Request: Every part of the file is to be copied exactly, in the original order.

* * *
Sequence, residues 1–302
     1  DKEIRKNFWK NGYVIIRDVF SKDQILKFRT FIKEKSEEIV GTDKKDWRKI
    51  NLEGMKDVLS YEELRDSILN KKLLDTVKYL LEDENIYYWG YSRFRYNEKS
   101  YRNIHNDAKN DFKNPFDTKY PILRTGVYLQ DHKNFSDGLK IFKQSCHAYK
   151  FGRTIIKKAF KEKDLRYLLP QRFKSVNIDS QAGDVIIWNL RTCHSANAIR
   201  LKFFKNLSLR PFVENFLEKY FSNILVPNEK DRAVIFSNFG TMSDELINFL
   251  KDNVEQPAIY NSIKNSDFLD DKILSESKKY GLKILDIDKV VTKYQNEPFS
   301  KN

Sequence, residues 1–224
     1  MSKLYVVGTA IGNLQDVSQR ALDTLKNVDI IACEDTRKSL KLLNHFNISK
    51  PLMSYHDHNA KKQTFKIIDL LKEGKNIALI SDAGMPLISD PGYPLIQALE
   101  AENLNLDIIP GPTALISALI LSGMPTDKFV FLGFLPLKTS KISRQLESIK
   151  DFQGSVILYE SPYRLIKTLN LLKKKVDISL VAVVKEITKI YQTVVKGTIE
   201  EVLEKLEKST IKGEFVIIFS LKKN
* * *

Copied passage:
Sequence, residues 1–302
     1  DKEIRKNFWK NGYVIIRDVF SKDQILKFRT FIKEKSEEIV GTDKKDWRKI
    51  NLEGMKDVLS YEELRDSILN KKLLDTVKYL LEDENIYYWG YSRFRYNEKS
   101  YRNIHNDAKN DFKNPFDTKY PILRTGVYLQ DHKNFSDGLK IFKQSCHAYK
   151  FGRTIIKKAF KEKDLRYLLP QRFKSVNIDS QAGDVIIWNL RTCHSANAIR
   201  LKFFKNLSLR PFVENFLEKY FSNILVPNEK DRAVIFSNFG TMSDELINFL
   251  KDNVEQPAIY NSIKNSDFLD DKILSESKKY GLKILDIDKV VTKYQNEPFS
   301  KN

Sequence, residues 1–224
     1  MSKLYVVGTA IGNLQDVSQR ALDTLKNVDI IACEDTRKSL KLLNHFNISK
    51  PLMSYHDHNA KKQTFKIIDL LKEGKNIALI SDAGMPLISD PGYPLIQALE
   101  AENLNLDIIP GPTALISALI LSGMPTDKFV FLGFLPLKTS KISRQLESIK
   151  DFQGSVILYE SPYRLIKTLN LLKKKVDISL VAVVKEITKI YQTVVKGTIE
   201  EVLEKLEKST IKGEFVIIFS LKKN